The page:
Hardware Retailing

JAN 2018

Hardware Retailing magazine is the pre-eminent how-to management magazine for small business owners and managers in the home improvement retailing industry.

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Page 52 of 90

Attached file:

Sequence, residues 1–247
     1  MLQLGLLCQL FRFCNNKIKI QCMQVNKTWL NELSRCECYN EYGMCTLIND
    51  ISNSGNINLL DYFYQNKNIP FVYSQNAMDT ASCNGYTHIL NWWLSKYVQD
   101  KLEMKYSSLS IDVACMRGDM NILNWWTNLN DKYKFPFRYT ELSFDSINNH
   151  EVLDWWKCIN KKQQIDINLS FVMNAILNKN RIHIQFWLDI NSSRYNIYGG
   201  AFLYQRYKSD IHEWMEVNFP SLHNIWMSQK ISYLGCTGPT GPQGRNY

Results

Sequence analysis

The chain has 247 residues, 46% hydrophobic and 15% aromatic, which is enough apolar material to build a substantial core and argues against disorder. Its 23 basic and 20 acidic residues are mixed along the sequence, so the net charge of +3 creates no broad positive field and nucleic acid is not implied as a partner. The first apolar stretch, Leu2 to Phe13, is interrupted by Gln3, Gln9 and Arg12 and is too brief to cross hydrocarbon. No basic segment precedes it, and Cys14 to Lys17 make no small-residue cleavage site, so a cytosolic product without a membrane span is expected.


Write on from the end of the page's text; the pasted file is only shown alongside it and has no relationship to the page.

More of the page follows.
HARDWARE RETAILING | January 2018 48 The first order of business was to start filling shelves and bring back those best-selling A and B items, which were often missing. Then, working with his wholesaler, Coté began sorting through planograms and assortments to make sure categories were complete. He also took advantage of dating opportunities when buying products and special buys he found at markets— anything that would help him stretch his dollars to regain momentum. Another project was to work through the store's inventory system to clear out dead items and get a correct account of everything he had. "We discovered about $30,000 worth of items that were not in our store but were on the records," he says. "There were some inventory controls we needed to get back in line." Next, he began tackling the store's layout. A cash register near the front of the store meant any customers waiting to cash out would be blocking the entrance. Coté relocated that service counter to open up the front of the store and chose that area to merchandise housewares. High-end housewares, he discovered, were popular with his customer base. Other cosmetic work gave the store a brighter, more inviting appearance. Reestablishing the Community's Trust Bringing a failing store back to life isn't just about getting the numbers back to where they should be. In most cases, the other half of the battle is restoring the community's trust. Coté needed to convince customers who may have decided to stay away to come back. "Almost immediately, I set up a Facebook page for the store and started using that to talk about the changes and promote the products we were getting in," he says. Soon after that, he bought a few ad spots on the local radio station, which were instantly well received. He also developed a website, a first for the store. The most effective changes, however, needed to go deeper than a few radio spots or Facebook posts. Presenting a new brand to the community would help him put a new face on the store. It was a not-so-subtle way of announcing that a new store ownership was making a fresh start. Coté started a process of redesigning the store's logo, keeping the existing name but presenting it in a new way. He also developed store uniforms and began selling logo wear to the community. All of those pieces working together helped give Osterville House & Garden a new reputation. "People in the community were beginning to see we were making changes," he says. "But having a new logo was a way to set ourselves apart from our checkered history. When we put the new sign out front and employees started wearing uniforms, I think it started to sink in for customers that the change was real. They didn't just get lucky when they visited us and found what they needed—they could rely on us once more." Coté also got heavily involved in his local community. He took a seat on the town council and became involved in several community improvement projects. That public life gave him the opportunity to serve and give back his resources, but also showed he and his business were serious about being a part of the local community. In 2014, he was honored as one of NRHA's Young Retailers of the Year. Seven years later, the numbers show that all of that hard work paid off. At the end of 2010, when he purchased the business, Coté's annual sales were less than $600,000 for his 7,500-square-foot store. Now, annual sales top $1.2 million. After stabilizing his inventory levels of everyday hardware items, Coté developed niches in high-end items, including grills and housewares. " I think it started to sink in for customers that the change was real. They could rely on us once more. " —James Coté, Osterville House & Garden

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